Medieval Colchester

Construction of Colchester Castle depiction. Colchester & Ipswich Museums
Artistic depiction of the construction of Colchester Castle


There are no written records to shed light on life in Colchester in the 500 years after the end of the Roman rule. The next documented event was in 917 when the Wessex King Edward the Elder, son of Alfred the Great, expelled a Danish garrison that was occupying the town. Edward repaired Colchester's walls and effectively re-established the town.

The Saxons may have given Colchester its modern name, which derives from Colneceaster, meaning ‘Fortress on the Colne'. Only one of their buildings, the tower of Holy Trinity Church, still stands. This dates from about 1000 and is the earliest surviving medieval building in Colchester, built using brick and tile of the town's Roman remains.

The Normans in Colchester

The victory of William the Conqueror at the Battle of Hastings in 1066 brought Anglo-Saxon England to an abrupt end. The Normans found a busy port and market town in Colchester, and chose it as the site for one of the first stone castles in England. Construction of Colchester Castle began within ten years of the conquest, pre-dating both the Tower of London and Norwich Castle.

The massive foundations of the ruined Temple of Claudius formed a convenient base for the castle keep, which is consequently the largest ever built by the Normans. Its purpose was both to control the town and surrounding area and to act as a defence against seaborne invasion from Scandinavia. In practice it saw military action only once, in 1216 when King John besieged the castle and recaptured it from French mercenary troops sent to aid his rebellious barons.

The long entry for Colchester in the Doomsday Book catalogues a small but wealthy town. A new port was established at the Hythe before 1200, thriving on international trade, and in 1189 the town received the first Royal Charter from King Richard I. This gave wealthier citizens various rights to manage local affairs, including markets, the Colne fisheries and judicial arrangements. These privileges were confirmed and extended by successive charters throughout the Medieval period.

Colchester Castle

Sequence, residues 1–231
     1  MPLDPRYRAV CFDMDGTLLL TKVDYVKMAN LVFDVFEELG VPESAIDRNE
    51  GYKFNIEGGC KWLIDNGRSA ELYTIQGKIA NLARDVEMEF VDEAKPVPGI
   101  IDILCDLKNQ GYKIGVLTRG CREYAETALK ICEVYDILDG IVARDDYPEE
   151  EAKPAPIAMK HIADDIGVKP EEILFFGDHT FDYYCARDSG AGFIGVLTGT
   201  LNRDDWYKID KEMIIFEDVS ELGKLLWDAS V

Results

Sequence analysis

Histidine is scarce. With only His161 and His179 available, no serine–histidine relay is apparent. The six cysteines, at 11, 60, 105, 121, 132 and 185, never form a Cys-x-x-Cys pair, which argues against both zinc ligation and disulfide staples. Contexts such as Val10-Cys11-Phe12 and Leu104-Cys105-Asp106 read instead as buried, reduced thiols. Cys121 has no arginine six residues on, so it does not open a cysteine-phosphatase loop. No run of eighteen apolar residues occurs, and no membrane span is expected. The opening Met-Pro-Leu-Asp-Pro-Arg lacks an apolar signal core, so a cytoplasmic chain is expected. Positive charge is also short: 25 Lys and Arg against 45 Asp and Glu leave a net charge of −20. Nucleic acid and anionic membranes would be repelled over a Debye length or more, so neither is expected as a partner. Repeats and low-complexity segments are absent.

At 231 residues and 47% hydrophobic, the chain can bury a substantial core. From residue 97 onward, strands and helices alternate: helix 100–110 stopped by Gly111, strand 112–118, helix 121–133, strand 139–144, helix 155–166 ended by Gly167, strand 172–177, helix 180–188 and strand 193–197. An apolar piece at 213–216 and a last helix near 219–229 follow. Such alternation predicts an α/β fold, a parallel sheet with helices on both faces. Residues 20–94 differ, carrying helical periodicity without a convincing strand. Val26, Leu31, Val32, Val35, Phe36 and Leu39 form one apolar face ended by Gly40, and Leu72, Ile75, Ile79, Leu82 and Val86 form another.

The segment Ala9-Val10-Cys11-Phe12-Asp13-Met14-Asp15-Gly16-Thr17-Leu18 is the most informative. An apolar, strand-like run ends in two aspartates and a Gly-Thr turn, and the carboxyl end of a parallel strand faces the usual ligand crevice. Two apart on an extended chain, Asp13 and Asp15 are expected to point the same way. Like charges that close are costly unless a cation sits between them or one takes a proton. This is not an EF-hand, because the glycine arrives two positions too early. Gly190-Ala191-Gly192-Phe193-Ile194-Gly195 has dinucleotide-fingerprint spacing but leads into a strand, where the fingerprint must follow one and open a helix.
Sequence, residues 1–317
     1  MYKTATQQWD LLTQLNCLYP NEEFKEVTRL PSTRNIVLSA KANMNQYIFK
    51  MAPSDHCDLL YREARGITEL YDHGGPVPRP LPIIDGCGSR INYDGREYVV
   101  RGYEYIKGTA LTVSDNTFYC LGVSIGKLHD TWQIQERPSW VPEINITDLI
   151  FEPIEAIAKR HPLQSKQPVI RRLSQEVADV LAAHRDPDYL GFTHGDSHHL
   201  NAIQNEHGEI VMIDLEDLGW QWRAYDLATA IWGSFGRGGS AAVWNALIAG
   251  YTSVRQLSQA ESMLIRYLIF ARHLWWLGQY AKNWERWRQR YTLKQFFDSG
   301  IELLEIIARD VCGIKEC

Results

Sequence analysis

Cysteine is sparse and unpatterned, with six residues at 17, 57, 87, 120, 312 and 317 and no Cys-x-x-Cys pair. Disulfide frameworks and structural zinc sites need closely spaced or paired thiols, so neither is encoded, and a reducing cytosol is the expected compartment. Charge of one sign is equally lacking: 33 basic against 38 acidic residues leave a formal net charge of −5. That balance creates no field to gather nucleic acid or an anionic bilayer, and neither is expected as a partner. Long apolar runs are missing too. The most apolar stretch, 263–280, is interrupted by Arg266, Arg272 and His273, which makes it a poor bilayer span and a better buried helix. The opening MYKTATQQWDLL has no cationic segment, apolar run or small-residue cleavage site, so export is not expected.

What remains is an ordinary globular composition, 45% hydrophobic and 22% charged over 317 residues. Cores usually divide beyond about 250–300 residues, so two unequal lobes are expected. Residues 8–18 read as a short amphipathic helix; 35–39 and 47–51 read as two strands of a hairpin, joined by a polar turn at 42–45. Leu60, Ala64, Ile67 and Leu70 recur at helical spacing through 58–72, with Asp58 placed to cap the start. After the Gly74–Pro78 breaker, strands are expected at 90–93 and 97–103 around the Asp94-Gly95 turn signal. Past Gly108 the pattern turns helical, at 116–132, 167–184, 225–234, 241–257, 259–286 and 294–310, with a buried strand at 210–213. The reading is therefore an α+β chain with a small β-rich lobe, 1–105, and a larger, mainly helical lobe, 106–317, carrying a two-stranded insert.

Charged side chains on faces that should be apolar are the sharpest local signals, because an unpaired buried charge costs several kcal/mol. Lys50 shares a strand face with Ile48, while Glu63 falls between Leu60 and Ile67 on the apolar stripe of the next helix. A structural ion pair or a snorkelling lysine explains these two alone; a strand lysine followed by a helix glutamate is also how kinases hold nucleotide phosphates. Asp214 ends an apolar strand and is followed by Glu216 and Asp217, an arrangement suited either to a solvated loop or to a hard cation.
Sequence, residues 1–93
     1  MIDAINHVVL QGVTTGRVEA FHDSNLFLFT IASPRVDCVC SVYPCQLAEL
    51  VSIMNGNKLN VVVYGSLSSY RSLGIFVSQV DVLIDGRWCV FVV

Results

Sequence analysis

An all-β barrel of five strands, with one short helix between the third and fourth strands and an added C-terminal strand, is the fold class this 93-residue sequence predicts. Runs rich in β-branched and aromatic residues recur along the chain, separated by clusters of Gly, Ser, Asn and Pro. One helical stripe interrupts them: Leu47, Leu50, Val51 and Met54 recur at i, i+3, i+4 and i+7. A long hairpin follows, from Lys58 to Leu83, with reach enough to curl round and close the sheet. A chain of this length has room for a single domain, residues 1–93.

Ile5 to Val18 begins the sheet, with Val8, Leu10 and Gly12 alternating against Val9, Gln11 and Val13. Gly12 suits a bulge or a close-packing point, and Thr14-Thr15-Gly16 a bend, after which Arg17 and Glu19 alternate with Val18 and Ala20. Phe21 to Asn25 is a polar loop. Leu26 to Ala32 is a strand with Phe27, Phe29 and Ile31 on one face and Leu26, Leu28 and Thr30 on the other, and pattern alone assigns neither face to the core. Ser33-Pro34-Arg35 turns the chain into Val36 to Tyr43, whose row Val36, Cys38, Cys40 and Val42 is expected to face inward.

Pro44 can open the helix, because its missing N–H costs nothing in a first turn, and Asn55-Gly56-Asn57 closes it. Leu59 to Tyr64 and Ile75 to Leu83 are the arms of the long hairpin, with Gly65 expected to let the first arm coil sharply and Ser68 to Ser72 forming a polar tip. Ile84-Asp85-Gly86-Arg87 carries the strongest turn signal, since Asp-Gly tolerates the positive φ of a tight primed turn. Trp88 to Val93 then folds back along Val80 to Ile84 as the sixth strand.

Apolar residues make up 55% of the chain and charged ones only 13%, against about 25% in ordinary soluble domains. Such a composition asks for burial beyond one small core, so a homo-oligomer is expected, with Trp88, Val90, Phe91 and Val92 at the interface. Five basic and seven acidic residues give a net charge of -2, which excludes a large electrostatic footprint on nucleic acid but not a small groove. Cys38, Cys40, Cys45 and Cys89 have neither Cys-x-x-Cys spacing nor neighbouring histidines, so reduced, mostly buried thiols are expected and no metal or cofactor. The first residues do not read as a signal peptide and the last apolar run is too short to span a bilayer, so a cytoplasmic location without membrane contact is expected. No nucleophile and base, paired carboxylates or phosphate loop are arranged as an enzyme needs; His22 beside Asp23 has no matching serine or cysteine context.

Colchester Castle today

Medieval sites in Colchester today

Remains of St Botolph's Priory
The remains of St Botolph's Priory

Medieval Colchester had a number of religious foundations, including St. Botolph's Priory, the first Augustinian house in England, and St John's Abbey. Today the impressive ruins of the great church at St Botolph's only hint at the scale of the medieval priory, while at St John's Abbey some long sections of the precinct wall and the later Tudor gatehouse survive.

In 1348 at least a quarter of Colchester's population died of the plague as the Black Death swept through Western Europe. The town not only survived the crisis but soon experienced a new golden age as trade recovered and the local cloth industry boomed.

Colchester Castle today is a museum displaying the riches of Colchester's past, within the walls of the largest Norman keep ever built. Colchester Town Centre itself has many historic sites to explore, and you can download the Ancient Colchester App to see these sites comes to life.

Colchester Castle Museum

Colchester Castle Museum


Colchester Castle is the largest Norman Keep in Europe. Constructed on the foundations of the Temple of Claudius. The Castle Museum today reveals many fascinating layers of history to visitors.

St Botolph's Priory

St Botolph's Priory, Colchester


The first English Augustinian priory church, founded at the end of the eleventh century from the Anglo-Saxon minster community of Colchester. Only the ruined remains of the nave survive today, under the care of English Heritage.

St John's Abbey Gate

St John's Abbey Gate


Dating from the 15th century this fine flint flushwork gatehouse just off St John's Green has a vaulted interior. It was the entrance to St John's Abbey precinct (demolished during the 16th century Reformation).

Saxon Doorway on Holy Trinity Church
Saxon Doorway built using Roman tiles - Holy Trinity Church